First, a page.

She said there are some symptoms that should definitely require a student to remain at home, including fevers or coughs, that are “much more likely to be associated with something that might be transmissible to others”.
However, she said that if parents have children who have single symptoms, they can keep the child at home to monitor them.
“We know that children often have very mild symptoms that are—runny nose, not feeling well today—that clear up very quickly and are not indicative of COVID,” she said.
Health authorities didn’t list any new exposure incidents.
However, the Delta Optimist reported that a fifth McDonald’s location in the Lower Mainland—1285 Cliveden Avenue in Delta—had temporarily closed on September 18 for sanitization after two employees tested positive.
Anyone who visited the restaurant on September 11 or 14 is asked to monitor themselves for symptoms for 14 days after the date of visit. Anyone who develops symptoms should self-isolate immediately and call 811 to find out about testing.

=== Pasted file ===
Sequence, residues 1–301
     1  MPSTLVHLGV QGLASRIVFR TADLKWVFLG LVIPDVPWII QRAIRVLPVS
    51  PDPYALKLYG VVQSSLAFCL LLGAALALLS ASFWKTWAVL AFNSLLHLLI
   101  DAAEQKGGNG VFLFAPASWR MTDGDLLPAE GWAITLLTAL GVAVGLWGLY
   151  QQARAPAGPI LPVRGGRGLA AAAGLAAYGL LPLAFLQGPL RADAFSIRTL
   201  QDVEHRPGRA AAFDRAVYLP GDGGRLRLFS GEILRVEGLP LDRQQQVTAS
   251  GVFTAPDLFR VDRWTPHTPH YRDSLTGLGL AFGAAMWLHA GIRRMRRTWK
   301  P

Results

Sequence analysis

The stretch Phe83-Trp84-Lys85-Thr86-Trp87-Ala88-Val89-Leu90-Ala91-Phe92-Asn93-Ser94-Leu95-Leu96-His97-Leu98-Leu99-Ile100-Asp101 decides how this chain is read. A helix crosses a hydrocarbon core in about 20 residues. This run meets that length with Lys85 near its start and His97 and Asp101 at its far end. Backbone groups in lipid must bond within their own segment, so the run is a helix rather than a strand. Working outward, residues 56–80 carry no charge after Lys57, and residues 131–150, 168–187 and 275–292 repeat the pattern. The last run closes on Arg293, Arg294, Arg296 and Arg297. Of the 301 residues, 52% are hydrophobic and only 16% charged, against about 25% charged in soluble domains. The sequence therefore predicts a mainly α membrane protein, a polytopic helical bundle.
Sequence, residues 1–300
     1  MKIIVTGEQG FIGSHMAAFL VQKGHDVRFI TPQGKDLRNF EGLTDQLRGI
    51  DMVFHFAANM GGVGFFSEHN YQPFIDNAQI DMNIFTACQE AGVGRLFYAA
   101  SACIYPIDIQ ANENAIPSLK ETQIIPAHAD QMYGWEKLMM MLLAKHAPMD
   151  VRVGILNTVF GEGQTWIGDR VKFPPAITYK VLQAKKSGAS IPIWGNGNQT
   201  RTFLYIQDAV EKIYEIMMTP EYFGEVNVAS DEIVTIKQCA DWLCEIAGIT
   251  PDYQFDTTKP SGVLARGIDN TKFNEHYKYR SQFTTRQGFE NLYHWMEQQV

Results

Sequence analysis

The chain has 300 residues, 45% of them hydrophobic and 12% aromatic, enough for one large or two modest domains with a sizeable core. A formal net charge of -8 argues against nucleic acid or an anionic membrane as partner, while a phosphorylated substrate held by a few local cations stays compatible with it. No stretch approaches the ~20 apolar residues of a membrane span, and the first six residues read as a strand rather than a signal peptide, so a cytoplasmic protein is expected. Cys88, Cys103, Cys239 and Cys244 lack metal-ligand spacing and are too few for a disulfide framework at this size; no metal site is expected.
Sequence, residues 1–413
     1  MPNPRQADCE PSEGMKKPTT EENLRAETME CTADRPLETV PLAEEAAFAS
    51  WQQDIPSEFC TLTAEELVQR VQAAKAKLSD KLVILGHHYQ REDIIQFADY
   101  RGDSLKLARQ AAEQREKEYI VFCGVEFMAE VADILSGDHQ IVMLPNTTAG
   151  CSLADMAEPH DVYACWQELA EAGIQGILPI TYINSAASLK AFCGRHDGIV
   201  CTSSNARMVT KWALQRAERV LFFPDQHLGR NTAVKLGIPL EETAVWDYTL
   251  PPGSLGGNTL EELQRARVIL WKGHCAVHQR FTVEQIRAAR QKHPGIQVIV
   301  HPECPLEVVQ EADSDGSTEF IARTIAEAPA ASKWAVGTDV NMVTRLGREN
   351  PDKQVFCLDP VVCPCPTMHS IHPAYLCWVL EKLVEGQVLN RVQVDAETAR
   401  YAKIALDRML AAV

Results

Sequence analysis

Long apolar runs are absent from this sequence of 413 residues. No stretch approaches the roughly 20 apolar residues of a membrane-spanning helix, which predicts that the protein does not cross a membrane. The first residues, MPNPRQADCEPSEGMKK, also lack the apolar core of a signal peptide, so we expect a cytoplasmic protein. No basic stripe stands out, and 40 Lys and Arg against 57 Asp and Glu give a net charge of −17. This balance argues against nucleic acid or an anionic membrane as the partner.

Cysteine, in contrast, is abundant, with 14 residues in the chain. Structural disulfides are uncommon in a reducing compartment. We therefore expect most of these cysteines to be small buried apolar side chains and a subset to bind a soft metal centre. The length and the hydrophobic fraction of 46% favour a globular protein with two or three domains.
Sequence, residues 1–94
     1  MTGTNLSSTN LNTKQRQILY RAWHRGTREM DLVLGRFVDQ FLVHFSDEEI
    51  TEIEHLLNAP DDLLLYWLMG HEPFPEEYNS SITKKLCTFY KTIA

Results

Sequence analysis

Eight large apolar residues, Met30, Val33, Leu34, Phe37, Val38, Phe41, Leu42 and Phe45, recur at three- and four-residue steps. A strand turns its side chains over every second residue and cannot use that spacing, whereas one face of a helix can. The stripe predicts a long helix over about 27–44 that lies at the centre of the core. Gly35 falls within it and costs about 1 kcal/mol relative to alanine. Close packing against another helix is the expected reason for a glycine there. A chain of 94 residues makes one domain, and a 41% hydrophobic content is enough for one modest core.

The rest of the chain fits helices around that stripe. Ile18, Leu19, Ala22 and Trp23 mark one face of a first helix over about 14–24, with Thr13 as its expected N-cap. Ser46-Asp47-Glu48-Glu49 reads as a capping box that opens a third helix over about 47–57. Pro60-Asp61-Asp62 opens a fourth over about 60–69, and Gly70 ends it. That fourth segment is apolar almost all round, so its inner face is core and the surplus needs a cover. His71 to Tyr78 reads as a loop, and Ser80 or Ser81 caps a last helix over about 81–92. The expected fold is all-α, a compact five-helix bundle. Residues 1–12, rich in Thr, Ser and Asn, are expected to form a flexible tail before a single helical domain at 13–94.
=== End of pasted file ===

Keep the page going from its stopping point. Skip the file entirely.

The B.C. Centre for Disease Control has added nine flights confirmed with COVID-19 to its ongoing list:
September 2: Air India flight 1143, from New Delhi to Vancouver;
September 10: Swoop flight 200, from Abbotsford to Edmonton;
September 10: WestJet flight 138, from Vancouver to Calgary;
September 10: Air Canada flight 123, from Toronto to Vancouver;
September 10: Philippine Airlines flight 116, from Vancouver to Manila;
September 13: West Jet flight 709, from Toronto to Vancouver;
September 13: Air Canada flight 127, from Toronto to Vancouver;
September 14: Air Canada flight 575, from Los Angeles to Vancouver;
September 14: Flair Airlines flight 8156, from Vancouver to Regina.
For affected row information, visit the BCCDC webpage.
Anyone on these flights or in the affected rows should monitor themselves for symptoms for 14 days after the flight date while monitoring for symptoms.
If you develop symptoms, immediately self-isolate and call 811 for testing.